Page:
My statement to be shortlisted as a Labour candidate in the 2018 local election

I applied to be shortlisted as a Labour Party candidate in the 2018 local election in the Noel Park ward in Hornsey and Wood Green. I lived in this ward and served as Noel Park Branch Labour Party’s chair between 2010 and 2012. My parents still live in Noel Park. Below is my appplicant statement sent to members of Noel Park Labour Party.

About me: My personal journey has shaped my passion for public service. I moved to Haringey with my family from Bangladesh at the age of 12 and went to a local school, Langham School (now Park View Academy). I lived in temporary accommodation for seven years moving to different parts of Haringey until the Council allocated my family a permanent house in Noel Park.

I read law at university. After my graduation, I worked in Haringey as a community organiser for four years. Then, I worked for a few years in the Cabinet Office as a legal adviser. After this job, I trained to become a solicitor at an international law firm, Herbert Smith Freehills. I currently work at the London Law Practice. I live in Tottenham Green with my wife and our two children. My wife is a doctor at North Middlesex Hospital. You can read more about me on my blog:

Community Organiser: I am particularly proud of the work I had done in Haringey in the early years of my career as a Project Manager of Haringey Peace Alliance. I delivered projects to improve community cohesion. By way of example, I set up the Haringey Faith Forum, delivered a project to rehabilitate ex-offenders and organised the annual Haringey Week of Peace involving different community groups.

Community activism: I have always been active in my community and have a 20-year track record of volunteering to help the local community, for example, I served as a trustee of Haringey Race & Equality Council and as a governor of Risley Avenue Primary School. In 2010, the Foreign & Commonwealth Office selected me to take part in a study tour of China representing Haringey as a future leader.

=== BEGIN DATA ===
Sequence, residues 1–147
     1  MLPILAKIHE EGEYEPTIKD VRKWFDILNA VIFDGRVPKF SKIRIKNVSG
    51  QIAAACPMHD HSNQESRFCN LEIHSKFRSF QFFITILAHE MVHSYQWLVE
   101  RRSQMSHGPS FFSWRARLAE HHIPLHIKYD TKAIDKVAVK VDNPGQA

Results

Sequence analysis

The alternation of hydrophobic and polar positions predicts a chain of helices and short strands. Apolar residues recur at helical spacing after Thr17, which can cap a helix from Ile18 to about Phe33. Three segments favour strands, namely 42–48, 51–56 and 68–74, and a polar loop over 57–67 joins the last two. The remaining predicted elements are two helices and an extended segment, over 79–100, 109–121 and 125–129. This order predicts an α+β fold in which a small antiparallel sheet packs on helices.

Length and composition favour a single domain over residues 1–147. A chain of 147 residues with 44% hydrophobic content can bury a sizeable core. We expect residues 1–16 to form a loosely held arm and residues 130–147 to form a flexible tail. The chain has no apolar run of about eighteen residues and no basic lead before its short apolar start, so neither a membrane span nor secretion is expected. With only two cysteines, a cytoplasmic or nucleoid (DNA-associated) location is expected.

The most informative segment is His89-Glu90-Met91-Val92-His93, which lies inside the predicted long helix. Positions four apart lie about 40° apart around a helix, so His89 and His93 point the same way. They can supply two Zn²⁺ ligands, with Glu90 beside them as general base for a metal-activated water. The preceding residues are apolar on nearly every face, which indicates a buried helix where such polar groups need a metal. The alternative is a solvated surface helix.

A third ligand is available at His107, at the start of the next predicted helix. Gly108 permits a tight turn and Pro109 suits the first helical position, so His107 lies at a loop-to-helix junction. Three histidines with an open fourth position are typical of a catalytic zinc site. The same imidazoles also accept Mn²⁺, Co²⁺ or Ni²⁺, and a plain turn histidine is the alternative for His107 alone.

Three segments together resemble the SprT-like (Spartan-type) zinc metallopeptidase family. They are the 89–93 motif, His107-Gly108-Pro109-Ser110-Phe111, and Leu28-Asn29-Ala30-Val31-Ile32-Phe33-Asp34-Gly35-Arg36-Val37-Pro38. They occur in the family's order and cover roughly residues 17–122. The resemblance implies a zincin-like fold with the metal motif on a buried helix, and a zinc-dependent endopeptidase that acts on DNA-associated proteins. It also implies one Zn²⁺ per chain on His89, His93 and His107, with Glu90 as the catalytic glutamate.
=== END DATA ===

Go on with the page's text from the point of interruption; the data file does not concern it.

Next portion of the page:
Labour activism: My journey as a Labour activist began in Noel Park where I served as chair of the BLP between 2010 and 2012. I rejuvenated the ward after helping to elect three Labour councillors in 2010 where there was only one Labour councillor before. It is now one of the safest Labour wards in Haringey. I recently served as chair of Tottenham Green BLP where I am now the elected secretary. I am also Tottenham CLP’s BAME Officer and was elected as its delegate to Labour’s annual conference this year.

My priorities: Having grown up in council housing, I am opposed to regeneration projects that enforce gentrification and social cleansing. I also oppose development vehicles that put public land into private hands. I am committed to building more council homes to tackle the housing crisis. This is consistent with Labour’s current policy under Jeremy Corbyn whom I voted for as leader in 2015 and 2016.

As a champion of community cohesion, I will fight for polices to ensure that disadvantaged sections of the community are not neglected such as what happened at Grenfell. Finally, I will work towards a cleaner environment, because poor air quality kills 10,000 people in London every year. That is, 16 deaths from each ward that can be prevented!

Why me? Being a councillor is a big responsibility. The Council is the biggest employer in the borough. It has 63 primary schools and 12 secondary schools. It has a significant annual budget and its population of 268,000+ people rely on its services. I have demonstrated through my accomplishments in life that I have the skills and the ability to take on this huge responsibility. I also have the passion and the drive to go the extra mile and come up with innovative solutions to tackle the housing crisis, for example.


My speech at the Labour Party Conference 2017

I was honoured that Tottenham CLP’s General Committee members elected me to be their delegate at the annual Labour Party Conference in Brighton between 24 and 27 September 2017. It was my first Conference and I had the most remarkable few days of listening to and participating in various speeches, debates and discussions. I felt privileged to be a part of a vibrant and energetic grassroots movement and as Jeremy said, “We are on the verge of power”.

During the Conference, there were opportunities for delegates to go up on stage and speak on various topics such as housing, the NHS, state of the economy and education. You had to put your hand up in the air or waive like mad for the Conference chair to notice you and call you to the stage. I had stood on my chair spinning my red jumper like a ceiling fan, but failed to get noticed by the Conference chair.

However, below is the speech I would have given on the welfare of doctors in the NHS.

Sisters and Brothers, I am Khaled Moyeed, a CLP delegate from Tottennham.

I am going to talk about the severe stress that is placed on NHS doctors because of the serious underfunding and under-resourcing of the NHS.

The closure of hospitals and A&E departments means that patients go to nearby hospitals where doctors are having to work even longer hours to cope with the increased demand.

This is a topic that is very close to my heart because my wife is a junior doctor. She works as a Senior House Officer in a London hospital. Week in week out, I see that the stress and fatigue from overworking is having a serious impact on her physical and mental wellbeing.

There are days when she is on-call and have to do 14-15 hours shifts without any breaks for eating and drinking. And she has to wake up the next day and do it all over again.

I see the exhaustion, burnout and health problems she suffers as a result of her work as a doctor.